Every minute, one garbage truckload of plastic is dumped into the ocean. At the current rate, this is expected to turn into two per minute by 2030 and four per minute by 2050.
The state of the oceans has developed into a dire situation that requires immediate action and intervention. Used for a matter of minutes before they are discarded, single-use plastics contribute a great deal to ocean pollution. These items take much longer to decompose and causes a number of problems for marine life and other animals that rely on the ocean for survival. Not to mention the CO2 emissions released during the production of plastic.
Dramatic steps for conservation
In 2015, a research team released a shocking video of scientists trying to extract a plastic straw from the nostril of a male Olive Ridley turtle. The turtle was found off the coast of Costa Rica, but it is by no means the only turtle or only area affected. However, Costa Rica has announced their plan to completely eradicate single-use plastics in the country by 2021 – becoming the first country in the world to do so.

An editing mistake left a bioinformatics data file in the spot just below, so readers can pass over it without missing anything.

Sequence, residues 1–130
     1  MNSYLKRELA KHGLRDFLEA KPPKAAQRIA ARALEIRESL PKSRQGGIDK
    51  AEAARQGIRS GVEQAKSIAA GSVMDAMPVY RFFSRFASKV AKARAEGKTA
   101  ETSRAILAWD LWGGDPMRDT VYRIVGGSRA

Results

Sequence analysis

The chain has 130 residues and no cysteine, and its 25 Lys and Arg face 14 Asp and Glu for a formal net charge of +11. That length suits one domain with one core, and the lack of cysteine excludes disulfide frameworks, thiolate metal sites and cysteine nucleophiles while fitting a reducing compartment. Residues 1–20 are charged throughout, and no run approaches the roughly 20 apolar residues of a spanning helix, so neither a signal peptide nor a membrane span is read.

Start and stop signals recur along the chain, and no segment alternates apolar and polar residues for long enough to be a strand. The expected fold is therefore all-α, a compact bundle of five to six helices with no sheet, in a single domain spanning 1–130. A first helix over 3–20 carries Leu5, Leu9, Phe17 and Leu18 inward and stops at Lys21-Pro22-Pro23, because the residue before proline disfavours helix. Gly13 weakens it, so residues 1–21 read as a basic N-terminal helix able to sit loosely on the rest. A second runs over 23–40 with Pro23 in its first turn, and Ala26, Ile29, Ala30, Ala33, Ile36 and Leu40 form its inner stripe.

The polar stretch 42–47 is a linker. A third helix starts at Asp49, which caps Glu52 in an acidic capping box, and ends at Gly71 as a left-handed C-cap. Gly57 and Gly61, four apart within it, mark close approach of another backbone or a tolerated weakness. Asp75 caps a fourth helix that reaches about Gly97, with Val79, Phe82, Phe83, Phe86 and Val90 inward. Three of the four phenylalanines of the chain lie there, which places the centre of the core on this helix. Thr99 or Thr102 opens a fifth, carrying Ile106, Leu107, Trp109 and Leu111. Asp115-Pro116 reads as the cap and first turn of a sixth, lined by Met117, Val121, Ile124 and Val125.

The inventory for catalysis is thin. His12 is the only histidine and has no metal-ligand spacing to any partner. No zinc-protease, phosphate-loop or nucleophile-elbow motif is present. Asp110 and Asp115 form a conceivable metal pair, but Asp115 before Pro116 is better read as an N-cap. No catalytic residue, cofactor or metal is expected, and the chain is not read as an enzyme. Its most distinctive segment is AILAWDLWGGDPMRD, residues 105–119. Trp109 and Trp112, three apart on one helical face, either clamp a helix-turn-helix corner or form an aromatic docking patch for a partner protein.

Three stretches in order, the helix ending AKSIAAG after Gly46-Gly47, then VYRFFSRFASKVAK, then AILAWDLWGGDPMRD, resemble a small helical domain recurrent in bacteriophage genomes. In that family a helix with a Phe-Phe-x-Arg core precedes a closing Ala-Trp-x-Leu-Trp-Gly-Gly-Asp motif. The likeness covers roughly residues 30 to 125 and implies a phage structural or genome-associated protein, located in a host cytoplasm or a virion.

The government offers incentives to businesses that comply and have also invested in the research of alternative options to single-use plastics. In fact, it has now become quite common to encounter recycled materials and bamboo straws at many restaurants. In addition to this, the country receives technical and financial support from the United Nations Development Program to encourage research and development in this field. They have also created an online platform where any Costa Rican citizen or business is able to follow the progress of action taken, register their own products, or plastic alternatives.
A good track record
While many countries and cities have restricted single-use plastics, Costa Rica aims to be the first country to completely outlaw all products made from this material, including straws, bottles, cutlery, cups and bags. As a world leader in wildlife protection, the country places great emphasis on the conservation and protection of nature as well as on renewable energy.
During 2015 and 2016, this Central American country used 100% renewable energy for more than two-thirds of the year. Along with their 2021 plastic ban goal, they also seek to become carbon neutral by that time.
This initiative is a brave and bold one that one can only applaud. But you don’t need to be a government or a business owner to do your share to help the oceans. Here are small things you can change in your daily life to reduce the amount of trash in the sea: